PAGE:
Ancient Wonders of California
Connect with the distant past by exploring early civilizations and ancient natural wonders in the Golden State.
California has a lot to offer tourists. Many make their way to see glitzy Hollywood, scenic Pacific Coastal Highway, surfer waves in Santa Cruz, San Francisco cable cars, or picturesque Napa Valley. But California also offers tourists a chance to see some of the most ancient wonders in the Americas.
The Cerutti Mastodon Discovery
Researchers have made a stunning discovery that could rewrite human history. They found signs of human activity dating around 130,000 years ago at the Cerutti mastodon site in San Diego, making it the oldest archeological site in the Americas. The discovery predates previously known human activity by 100,000 years. Although no human bones were found, a mastodon skeleton, molars, tusks, bone flakes, and large stones were found, indicating the site was used as a bone quarry. Mastodon bones were smashed to extract marrow or were used as raw materials for making tools. Learn more about this exciting discovery and museum hours at the San Diego Natural History Museum.
About 3.4 million years ago, during the Pliocene of California, a volcano erupted and knocked down a prehistoric redwood forest near Napa Valley. Volcanic ash billowed from the volcano, quickly burying the trees, creating an environment in which the trees could not decompose. Through thousands of years, the trees became fossilized, preserving every detail of the wood. In 1870, the petrified trees were discovered by a Swedish homesteader while raking his land. After fires swept through the Napa Valley area in 2017, the Petrified Forest is once again open for visitors. Step back in time and learn more at petrifiedforest.org.
In the desert just outside of Blythe, California, are a group of giant figures etched on the ground called the Blythe Intaglios. The six human, animal, and lines are American geoglyphs, the largest at 171 feet long. Their origin and meaning are unknown but are estimated between 450 and 2,000 years old, although radiocarbon dating suggests they could be as old as 1200 BC. According to Mohave and Quechan Indians, who live in the area, the human figures represent Mastamho, the Creator of all life. The animals represent Hatakulya, one of two mountain lions/persons who assisted in the creation. Ceremonial dances were performed in the area during ancient times, honoring the creation. Best seen from the sky, they were rediscovered in 1932 by a pilot who took notice while flying over them. A historical landmark, find out more about the Blythe Intaglios.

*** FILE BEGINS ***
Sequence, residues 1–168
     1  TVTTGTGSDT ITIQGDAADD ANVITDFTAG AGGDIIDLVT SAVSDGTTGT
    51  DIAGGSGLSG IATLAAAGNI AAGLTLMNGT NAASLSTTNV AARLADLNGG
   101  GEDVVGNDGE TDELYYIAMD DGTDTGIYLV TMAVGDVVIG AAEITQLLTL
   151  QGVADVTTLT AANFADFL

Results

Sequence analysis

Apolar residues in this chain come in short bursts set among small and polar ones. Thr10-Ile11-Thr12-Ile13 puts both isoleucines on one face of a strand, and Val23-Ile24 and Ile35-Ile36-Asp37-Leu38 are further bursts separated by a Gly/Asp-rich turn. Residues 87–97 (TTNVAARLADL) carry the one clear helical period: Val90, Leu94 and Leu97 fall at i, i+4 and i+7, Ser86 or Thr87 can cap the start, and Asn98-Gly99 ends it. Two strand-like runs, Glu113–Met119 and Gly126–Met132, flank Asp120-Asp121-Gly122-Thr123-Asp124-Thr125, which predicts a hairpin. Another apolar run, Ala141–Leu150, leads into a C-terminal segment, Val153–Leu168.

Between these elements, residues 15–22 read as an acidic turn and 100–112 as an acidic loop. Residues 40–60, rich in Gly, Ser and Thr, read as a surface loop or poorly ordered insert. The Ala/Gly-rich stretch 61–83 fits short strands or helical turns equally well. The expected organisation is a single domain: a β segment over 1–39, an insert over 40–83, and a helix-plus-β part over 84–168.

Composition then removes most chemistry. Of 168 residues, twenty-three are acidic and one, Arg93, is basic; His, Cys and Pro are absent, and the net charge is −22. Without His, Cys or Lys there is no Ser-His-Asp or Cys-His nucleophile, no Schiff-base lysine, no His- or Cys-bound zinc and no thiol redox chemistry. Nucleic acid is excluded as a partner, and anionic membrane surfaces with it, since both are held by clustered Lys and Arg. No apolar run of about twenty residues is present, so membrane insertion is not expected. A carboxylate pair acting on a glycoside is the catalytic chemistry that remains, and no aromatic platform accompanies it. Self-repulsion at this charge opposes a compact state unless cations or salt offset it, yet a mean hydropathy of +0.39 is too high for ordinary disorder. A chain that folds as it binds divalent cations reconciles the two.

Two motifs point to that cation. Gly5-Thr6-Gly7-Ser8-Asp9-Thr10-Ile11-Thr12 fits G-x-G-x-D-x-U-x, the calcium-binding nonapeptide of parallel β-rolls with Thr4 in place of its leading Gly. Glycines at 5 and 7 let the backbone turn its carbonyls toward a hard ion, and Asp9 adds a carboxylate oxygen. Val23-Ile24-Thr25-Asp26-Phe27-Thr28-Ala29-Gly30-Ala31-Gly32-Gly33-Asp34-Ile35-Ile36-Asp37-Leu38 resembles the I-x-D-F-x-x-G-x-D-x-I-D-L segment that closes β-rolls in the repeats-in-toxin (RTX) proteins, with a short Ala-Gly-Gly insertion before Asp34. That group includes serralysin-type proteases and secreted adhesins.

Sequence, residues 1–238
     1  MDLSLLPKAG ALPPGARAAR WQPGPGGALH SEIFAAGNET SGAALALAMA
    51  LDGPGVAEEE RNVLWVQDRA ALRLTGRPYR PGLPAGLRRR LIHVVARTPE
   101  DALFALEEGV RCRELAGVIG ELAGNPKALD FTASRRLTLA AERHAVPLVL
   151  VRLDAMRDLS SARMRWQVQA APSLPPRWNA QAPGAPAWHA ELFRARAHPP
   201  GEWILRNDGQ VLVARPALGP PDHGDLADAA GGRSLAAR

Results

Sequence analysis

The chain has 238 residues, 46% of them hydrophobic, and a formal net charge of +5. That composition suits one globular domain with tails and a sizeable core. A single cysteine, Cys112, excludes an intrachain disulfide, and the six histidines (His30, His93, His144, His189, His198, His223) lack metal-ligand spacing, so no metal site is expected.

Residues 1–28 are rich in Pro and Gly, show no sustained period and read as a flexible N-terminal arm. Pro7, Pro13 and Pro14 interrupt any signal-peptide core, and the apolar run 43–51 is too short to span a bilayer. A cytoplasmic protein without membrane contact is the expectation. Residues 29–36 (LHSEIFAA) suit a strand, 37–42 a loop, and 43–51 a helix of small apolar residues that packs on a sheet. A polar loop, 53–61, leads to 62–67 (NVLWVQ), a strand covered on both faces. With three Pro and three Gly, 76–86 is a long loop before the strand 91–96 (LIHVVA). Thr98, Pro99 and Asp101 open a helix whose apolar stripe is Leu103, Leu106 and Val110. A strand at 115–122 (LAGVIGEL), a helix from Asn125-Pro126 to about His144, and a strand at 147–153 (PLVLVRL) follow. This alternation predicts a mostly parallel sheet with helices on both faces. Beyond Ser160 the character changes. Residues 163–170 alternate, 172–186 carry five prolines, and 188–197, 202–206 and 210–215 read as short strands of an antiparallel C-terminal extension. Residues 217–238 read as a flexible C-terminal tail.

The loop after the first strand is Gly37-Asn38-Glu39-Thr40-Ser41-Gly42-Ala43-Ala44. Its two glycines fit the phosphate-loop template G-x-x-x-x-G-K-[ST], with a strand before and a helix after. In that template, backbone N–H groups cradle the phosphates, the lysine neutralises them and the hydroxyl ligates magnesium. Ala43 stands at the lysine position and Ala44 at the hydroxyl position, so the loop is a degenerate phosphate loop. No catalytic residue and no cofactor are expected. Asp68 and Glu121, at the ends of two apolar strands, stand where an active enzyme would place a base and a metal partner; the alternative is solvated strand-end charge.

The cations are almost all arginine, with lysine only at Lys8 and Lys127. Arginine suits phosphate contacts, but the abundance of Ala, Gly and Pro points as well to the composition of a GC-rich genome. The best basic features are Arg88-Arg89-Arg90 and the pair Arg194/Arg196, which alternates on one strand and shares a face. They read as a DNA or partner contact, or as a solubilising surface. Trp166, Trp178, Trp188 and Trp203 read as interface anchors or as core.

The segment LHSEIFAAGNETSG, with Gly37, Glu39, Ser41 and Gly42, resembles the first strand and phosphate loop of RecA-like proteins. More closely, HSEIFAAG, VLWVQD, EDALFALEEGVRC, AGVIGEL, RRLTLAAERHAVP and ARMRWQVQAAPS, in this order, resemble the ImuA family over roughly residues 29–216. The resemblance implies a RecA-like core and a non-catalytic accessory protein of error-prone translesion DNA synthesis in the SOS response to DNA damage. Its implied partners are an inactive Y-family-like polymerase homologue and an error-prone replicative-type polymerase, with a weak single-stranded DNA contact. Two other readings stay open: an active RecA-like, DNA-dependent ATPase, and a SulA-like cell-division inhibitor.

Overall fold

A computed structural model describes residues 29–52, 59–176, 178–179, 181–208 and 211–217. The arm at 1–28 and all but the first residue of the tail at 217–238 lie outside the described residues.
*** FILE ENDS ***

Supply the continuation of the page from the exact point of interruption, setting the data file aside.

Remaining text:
Chumash Painted Cave
A small sandstone cave adorned with ancient painted rock art is situated north of Santa Barbara. Numerous drawings ranging from 200 to 1,000 years old depict the cosmology of Chumash Native Americans and other subjects. The rock art is painted in mineral pigments, white diatomaceous clay, and charcoal. Ceremonial use of the cave ended during the 1700s when the Chumash first encountered Europeans. One interpretation of the paintings is that the artists were of a high-ranking spiritual community who painted celestial beings, the sun, moon, and stars to maintain balance with the celestial world. Learn more information about the Chumash Painted Cave and how to visit the site at cyark.org.
A unique geological feature awaits you in the Coso Range of eastern California. The strange landscape resulted from glacial meltwater from the last ice age, forming lakes and rivers that became diverted by volcanic activity. The basaltic volcanic flows occurred between 400,000 and 10,000 years ago, creating falls and rocks that were polished and reshaped into unique forms over time. Coso Native Americans lived in the area about 10,000 to 20,000 years ago and survived until the 19th century when Europeans were first encountered. Obsidian flakes can be found in the area from when the Native Americans chipped obsidian from the mountains to make their tools. The site is protected, and the removal of artifacts is strictly prohibited. Find more information on visiting Fossil Falls at visitcalifornia.com.
Walk among living giants at Yosemite National Park or Sequoia National Forest, where some of the oldest sequoia trees are more than 3,000 years old. Yosemite boasts three massive ancient giant sequoia groves. The most visited is Mariposa Grove, the largest in the park with over 500 mature giant trees. Tuolumne Grove and Merced Grove are less traveled, requiring a 1.5-mile hike each before the trees come into view, and each has about two dozen mature trees. The Sequoia National Forest covers nearly 1.2 million acres, with giant sequoia groves being a part of its 196,000 acres of old-growth forests. For more information on ancient sequoias, visit the websites for Yosemite National Park and Sequoia National Forest.
Painted Rock in is a sandstone rock formation near Soda Lake within the Carrizo Plain National Monument. Adorned with many colorful pictographs over thousands of years, the Chumash, Salinan, and Yokuts Native Americans all lay claim to the site. The Chumash first populated the area about 2000 BC. Rock art by the Chumash people depicted small elements, circular mandalas, and intricate red, black, and white panels. After the Chumash left the area around 600 AD, the Yokuts moved in. Yokut rock art included large colorful motifs and figures. Find out more about Painted Rock.
Find a Lost Civilization
Have a little time to discover a lost civilization along the California seashore? Join Alex Kerekes, author of Finding Lost Civilizations on a beach walk where ancient artifacts thousands of years old are in plain sight and tell a story of an ancient people:
Next time you travel to California, take some time to explore our ancient roots. Broaden your knowledge and understanding of early civilizations and ancient natural wonders. Connecting with the past helps us preserve our shared heritage.